8. Insofar as personality is still potential, it may be called transcendent, and insofar as it is unconscious, it is indistinguishable from all the things which bear its projections… [i.e.] symbols of the external world and the cosmic symbols. These form the psychological basis for the conception of man as a macrocosm through the astrological components of his character.
Jung was interested in the common symbols and motifs that appear in the dreams, fantasies and myths of people from different cultures.
He believed that, like fairy tales and myths, astrology contained archetypal symbols and patterns that were rooted in a kind of “collective unconscious” and could therefore influence individual behavior and personality development.
9. The astrologers are influenced by theosophy and say: “It’s very simple, it’s just a vibration!”… But what is vibration? They say it’s light energy, maybe electricity, but they’re not entirely informed. In any case, the vibrations that could affect us have never been seen, so it remains just a word.
10. Our modern science begins with astronomy. Instead of saying that man was guided by psychological motives, it used to be said that he was guided by his stars. …The puzzling thing is that there really is a strange correspondence between astrological and psychological facts, so that one can isolate time from the characteristics of an individual, and also that one can derive characteristics from a particular time. From this, we must conclude that what we call psychological motives are in some sense identical to the star positions. Since we cannot prove this, we must make a special hypothesis. This hypothesis states that the dynamics of our psyche is not only identical to the position of the stars and has nothing to do with vibrations – this is an inadmissible hypothesis. It is better to assume that I am a phenomenon of time. …The stars are simply used by humans as indicators of time.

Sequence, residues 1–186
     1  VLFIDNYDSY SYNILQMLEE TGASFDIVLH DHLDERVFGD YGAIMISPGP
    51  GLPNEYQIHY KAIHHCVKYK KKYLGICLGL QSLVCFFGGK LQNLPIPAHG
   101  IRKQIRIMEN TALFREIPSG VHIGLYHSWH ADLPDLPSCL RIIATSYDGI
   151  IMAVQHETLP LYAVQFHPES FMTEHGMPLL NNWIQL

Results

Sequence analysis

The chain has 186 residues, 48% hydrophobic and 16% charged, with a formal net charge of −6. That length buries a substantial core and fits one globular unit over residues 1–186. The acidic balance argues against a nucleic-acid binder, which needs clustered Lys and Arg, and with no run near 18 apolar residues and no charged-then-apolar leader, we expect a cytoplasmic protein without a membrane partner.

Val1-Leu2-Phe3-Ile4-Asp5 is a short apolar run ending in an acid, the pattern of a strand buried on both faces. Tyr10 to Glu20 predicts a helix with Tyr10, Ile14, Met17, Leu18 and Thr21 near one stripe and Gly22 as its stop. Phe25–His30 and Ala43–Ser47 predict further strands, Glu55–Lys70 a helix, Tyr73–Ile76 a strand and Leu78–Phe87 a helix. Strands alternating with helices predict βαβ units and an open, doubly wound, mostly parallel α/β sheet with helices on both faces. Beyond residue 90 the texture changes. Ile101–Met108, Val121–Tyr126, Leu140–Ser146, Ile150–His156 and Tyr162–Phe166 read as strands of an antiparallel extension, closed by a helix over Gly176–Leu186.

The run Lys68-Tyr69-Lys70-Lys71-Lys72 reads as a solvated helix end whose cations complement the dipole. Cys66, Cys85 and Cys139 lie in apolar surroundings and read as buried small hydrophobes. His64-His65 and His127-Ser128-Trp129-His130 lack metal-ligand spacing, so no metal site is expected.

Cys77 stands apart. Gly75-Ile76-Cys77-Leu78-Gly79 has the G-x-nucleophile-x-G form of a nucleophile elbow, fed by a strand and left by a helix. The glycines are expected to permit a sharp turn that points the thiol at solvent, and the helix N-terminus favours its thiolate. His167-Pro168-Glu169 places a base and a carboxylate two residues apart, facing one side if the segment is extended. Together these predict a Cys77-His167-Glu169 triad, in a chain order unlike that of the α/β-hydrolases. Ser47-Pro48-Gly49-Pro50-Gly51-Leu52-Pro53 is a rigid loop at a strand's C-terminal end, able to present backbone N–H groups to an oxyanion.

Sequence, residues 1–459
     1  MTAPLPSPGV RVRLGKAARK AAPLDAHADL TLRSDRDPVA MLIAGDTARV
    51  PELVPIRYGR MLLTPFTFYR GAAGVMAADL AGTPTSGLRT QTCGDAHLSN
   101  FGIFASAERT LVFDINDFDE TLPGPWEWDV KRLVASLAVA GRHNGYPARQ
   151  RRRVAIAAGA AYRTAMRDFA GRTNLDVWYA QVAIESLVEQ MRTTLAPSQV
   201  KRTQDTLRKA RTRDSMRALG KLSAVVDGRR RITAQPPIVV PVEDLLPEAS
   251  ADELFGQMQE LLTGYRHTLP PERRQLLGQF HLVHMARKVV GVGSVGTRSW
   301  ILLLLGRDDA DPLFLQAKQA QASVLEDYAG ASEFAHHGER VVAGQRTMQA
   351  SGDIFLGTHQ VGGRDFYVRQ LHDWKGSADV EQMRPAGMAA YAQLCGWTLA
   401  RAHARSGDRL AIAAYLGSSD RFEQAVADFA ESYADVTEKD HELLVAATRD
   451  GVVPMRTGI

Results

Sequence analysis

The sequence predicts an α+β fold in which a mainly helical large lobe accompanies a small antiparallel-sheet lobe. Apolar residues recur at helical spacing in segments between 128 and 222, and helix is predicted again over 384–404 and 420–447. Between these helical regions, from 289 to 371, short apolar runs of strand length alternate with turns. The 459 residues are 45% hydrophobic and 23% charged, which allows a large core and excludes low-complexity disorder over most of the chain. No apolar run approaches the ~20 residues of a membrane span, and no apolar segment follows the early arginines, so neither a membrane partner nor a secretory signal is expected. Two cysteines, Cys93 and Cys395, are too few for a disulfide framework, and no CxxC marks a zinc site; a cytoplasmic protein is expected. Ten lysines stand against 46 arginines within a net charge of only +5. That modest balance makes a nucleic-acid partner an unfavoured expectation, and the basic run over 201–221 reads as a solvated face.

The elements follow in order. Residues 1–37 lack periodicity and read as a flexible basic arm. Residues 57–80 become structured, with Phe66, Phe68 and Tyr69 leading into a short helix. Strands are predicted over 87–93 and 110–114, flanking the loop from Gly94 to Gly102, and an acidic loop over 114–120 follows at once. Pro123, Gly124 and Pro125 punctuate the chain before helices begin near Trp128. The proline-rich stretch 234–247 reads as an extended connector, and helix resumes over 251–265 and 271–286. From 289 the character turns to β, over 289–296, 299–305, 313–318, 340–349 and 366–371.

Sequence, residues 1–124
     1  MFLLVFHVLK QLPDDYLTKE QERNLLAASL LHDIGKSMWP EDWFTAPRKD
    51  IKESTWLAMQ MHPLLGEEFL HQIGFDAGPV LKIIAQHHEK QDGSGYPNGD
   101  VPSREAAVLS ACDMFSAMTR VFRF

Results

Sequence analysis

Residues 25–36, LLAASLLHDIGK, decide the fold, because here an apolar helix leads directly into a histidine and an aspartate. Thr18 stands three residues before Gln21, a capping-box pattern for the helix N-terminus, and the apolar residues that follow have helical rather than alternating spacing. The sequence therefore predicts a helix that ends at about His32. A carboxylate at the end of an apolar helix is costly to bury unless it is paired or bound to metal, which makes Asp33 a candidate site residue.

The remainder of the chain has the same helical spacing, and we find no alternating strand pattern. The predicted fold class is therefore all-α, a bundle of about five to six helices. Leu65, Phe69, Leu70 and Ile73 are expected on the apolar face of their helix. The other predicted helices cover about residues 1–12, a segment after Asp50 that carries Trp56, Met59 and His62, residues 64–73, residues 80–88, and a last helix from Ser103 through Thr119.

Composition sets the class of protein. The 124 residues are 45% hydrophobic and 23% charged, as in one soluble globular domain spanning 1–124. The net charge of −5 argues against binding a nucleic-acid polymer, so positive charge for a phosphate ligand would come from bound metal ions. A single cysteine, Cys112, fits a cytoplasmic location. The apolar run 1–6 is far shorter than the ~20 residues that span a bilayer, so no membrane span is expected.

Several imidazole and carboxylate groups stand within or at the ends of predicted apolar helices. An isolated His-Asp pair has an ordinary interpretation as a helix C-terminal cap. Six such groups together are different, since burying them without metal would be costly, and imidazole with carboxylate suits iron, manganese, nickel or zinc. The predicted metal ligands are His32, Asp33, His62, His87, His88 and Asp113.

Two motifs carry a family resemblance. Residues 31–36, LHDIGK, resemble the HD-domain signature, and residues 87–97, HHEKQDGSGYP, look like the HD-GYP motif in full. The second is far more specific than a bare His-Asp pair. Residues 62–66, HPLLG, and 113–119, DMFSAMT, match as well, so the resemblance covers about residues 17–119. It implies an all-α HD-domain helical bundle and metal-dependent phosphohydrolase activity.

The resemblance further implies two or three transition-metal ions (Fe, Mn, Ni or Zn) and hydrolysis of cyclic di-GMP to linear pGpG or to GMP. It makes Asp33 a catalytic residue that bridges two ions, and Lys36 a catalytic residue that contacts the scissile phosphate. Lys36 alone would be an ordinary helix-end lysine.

When it came to individual astrology, Jung was cautious.
He emphasized that the interpretation of astrological constellations should not be understood as rigid predictions, but rather as indications of personal tendencies and potential. He believed that individual personality and development was influenced by a variety of factors, including astrological influences.
11. The collective unconscious … seems to consist of mythological motifs or archetypes, which is why the myths of all peoples are its real exponents. In fact, one could view the entire mythology as a kind of projection of the collective unconscious. This becomes most clear when looking at the celestial constellations, whose originally chaotic forms are organized through the projection of images. This explains the influence of the stars as claimed by astrologers. These influences are nothing more than unconscious, introspective perceptions of the collective unconscious.